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Drilling & Completion Tech Digest

Siemens to modernize drilling-drives package for jackup

Siemens will implement a customized BlueDrive system to replace an obsolete system on a jackup rig in the Middle East. The new system will use the existing footprint, cabling and communication points for greater safety and quick commissioning.

Siemens is working to modernize a complete and integrated drilling-drives lineup, including auxiliaries and controls, that will be installed on a jackup drilling rig in the Middle East.

The work is being done under a contract with Arabian Drilling Company, and delivery of the new system is planned for early 2021.

The contract includes engineering, design, manufacturing and delivery of the fully integrated modernization based on Siemens’ environmentally friendly BlueDrive technology. The Siemens solution, known as Master2Blue, will use the footprint, cable network and communication principles of the existing system, enabling quick, modular-style installation, commissioning and startup. The system is a DC power grid that includes power electronics, controls and cooling of 10 integrated variable speed drives.

“As the reactivations of stacked and un-utilized drilling rigs are increasing, Siemens stands fully ready to modernize offshore rigs and ships to make them safer and more energy efficient,” said Thomas Steenberg, Siemens Offshore Solutions, Business Development Director.

“By using the latest drilling and propulsion drives technology, customers can assure their rigs and ships remain at the highest level of supportability for many years to come.”

Collaboration aims to accelerate subsea digitalization

Subsea 7’s Life of Field business unit, i-Tech7, and Shell International E&P have entered into a collaborative technology agreement to accelerate subsea digitalization, initially for a period of five years starting in Q4 2019.

The agreement will help to fast-track innovation and streamline the adoption of applied technologies in areas such as marine robotics, advanced sensing, artificial intelligence and autonomous systems to address the industry’s challenges to improve safety, cost efficiency and sustainability.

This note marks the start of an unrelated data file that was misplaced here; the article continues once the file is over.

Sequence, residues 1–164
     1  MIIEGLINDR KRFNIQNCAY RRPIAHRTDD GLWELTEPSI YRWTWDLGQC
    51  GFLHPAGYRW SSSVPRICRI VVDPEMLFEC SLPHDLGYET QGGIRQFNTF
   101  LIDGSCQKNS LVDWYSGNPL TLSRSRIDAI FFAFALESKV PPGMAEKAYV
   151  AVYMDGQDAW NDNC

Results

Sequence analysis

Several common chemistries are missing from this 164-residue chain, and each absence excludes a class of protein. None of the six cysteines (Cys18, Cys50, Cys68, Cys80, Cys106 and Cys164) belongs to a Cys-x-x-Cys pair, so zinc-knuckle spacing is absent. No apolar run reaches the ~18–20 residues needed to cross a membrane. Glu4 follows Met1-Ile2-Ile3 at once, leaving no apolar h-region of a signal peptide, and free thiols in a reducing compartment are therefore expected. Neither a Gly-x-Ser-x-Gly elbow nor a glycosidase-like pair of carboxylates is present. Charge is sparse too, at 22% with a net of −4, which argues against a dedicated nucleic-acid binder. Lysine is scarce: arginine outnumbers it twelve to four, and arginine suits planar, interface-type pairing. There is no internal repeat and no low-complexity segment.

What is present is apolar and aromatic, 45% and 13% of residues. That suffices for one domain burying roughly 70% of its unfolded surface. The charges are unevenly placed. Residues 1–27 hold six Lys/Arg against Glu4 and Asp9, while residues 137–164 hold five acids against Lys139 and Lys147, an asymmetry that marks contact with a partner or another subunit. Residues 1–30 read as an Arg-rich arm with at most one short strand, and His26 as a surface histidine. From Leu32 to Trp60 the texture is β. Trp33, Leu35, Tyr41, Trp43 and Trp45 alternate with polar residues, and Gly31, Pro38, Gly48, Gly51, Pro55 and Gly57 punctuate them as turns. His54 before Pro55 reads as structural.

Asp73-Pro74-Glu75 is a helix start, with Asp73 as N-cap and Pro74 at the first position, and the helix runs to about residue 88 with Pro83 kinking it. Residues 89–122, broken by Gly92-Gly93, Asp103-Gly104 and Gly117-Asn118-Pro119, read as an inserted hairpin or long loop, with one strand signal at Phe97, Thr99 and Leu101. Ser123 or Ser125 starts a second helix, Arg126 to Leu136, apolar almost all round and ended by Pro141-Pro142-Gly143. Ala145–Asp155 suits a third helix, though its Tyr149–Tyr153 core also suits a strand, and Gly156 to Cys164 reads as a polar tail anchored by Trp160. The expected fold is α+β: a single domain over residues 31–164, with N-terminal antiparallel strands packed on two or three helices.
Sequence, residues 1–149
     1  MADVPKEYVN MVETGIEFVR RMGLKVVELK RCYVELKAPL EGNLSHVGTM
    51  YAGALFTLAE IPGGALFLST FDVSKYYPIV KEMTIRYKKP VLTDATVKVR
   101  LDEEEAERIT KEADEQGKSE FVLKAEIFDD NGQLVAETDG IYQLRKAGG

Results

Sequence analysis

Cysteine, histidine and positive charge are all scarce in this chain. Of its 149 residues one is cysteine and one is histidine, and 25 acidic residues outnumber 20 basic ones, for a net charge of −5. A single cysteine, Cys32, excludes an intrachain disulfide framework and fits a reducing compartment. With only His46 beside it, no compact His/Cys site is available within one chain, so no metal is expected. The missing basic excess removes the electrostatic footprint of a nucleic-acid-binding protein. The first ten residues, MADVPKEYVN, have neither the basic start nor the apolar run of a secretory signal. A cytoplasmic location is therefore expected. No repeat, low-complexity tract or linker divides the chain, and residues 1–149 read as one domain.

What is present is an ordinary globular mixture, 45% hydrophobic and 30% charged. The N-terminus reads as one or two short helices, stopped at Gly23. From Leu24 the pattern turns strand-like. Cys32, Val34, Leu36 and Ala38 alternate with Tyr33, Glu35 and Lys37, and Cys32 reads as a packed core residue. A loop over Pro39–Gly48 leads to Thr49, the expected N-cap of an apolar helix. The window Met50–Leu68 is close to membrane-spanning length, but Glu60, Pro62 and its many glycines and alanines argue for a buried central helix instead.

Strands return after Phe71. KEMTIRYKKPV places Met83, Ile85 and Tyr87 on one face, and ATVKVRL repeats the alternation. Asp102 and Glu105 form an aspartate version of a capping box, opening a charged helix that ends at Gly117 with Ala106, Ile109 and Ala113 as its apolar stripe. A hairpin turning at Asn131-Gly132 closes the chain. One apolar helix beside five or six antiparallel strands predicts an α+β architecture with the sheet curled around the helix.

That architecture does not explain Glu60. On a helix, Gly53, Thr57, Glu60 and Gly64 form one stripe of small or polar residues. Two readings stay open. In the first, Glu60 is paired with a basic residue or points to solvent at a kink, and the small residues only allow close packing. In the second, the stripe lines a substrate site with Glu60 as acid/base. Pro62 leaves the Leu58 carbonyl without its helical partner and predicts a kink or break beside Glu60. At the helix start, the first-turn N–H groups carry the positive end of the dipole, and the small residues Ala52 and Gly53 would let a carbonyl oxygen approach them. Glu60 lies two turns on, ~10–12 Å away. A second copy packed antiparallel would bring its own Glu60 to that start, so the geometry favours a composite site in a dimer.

“Digitalization is core to our strategy, and we are continuing to expand our digital capability and offering, to strengthen our market position and deliver enhanced value to our customers,” Steve Wisely, Senior Vice President for i-Tech 7, said.

“Digitalization will support Shell to become a world-class investment case by improving our productivity, reliability and performance, as well as reducing the costs of our assets,” Christian George, Shell Vice President of Wells, Deep Water and Surface Engineering Technology, said. “We are delighted to extend our strong operational partnership with Subsea 7’s Life of Field business unit into the area of technology development.”

Sealant helps to repair cement packer design

CannSeal recently repaired an unconventional cement packer design, 4 ½ in. in 9 5/8 in. with limited cement. The company’s technology reduced a gas leak to within acceptable limits, thereby facilitating development of an additional reservoir.

In order to unlock additional accumulation, the wellbore was sealed off and the A-annulus was filled with cement above the top of the additional reservoir. Two long formation, or reservoir sections, were then perforated below the estimated top of cement (TOC) in the A-annulus. When production started, the A- and B-annuli developed gas influx issues. Conventional methods of sealing could not be used due to the risk of filling the reservoir with sealant through the perforated sections.

The cement below the estimated A-annulus TOC was of unknown quality, and the 4 1/2-in. tubing was placed inside the 9 5/8-in. casing. Perforating through a thick cement sheet, while not damaging the outer casing on the low side, was vital.

The CannSeal IntegritySeal was run on wireline to perforate and inject epoxy in the cement above the top perforation interval. The high viscous sealant forms a doughnut around the tubing in an open void or fills large channels in a poor cement matrix. This process creates a plug independent of annular condition.

The delivery tool is fitted with a g-sensor, which has the ability to show the tool’s relative orientation. As a result, eccentric centralizers were used to point the perforation gun in the desired direction. This allows selective penetration with max reach topside to occur, while not damaging the second casing in the eccentric annulus. A heater tool was used to increase the epoxy materials cross linking, establishing a strong plug.

Three epoxy injections were placed in close proximity and completed. The heater tool was deployed to strengthen the plug material, enabling it to withstand high delta pressure in an anticipated large open void in the event there was no cement.  Orientation of the tool was successful despite a low clearance, making the concept viable for larger casings in the future.

The aim of lowering the gas leak rate was achieved. A month after the treatment, the situation was reported to be similar, with the pressure build reduced to a minimum.

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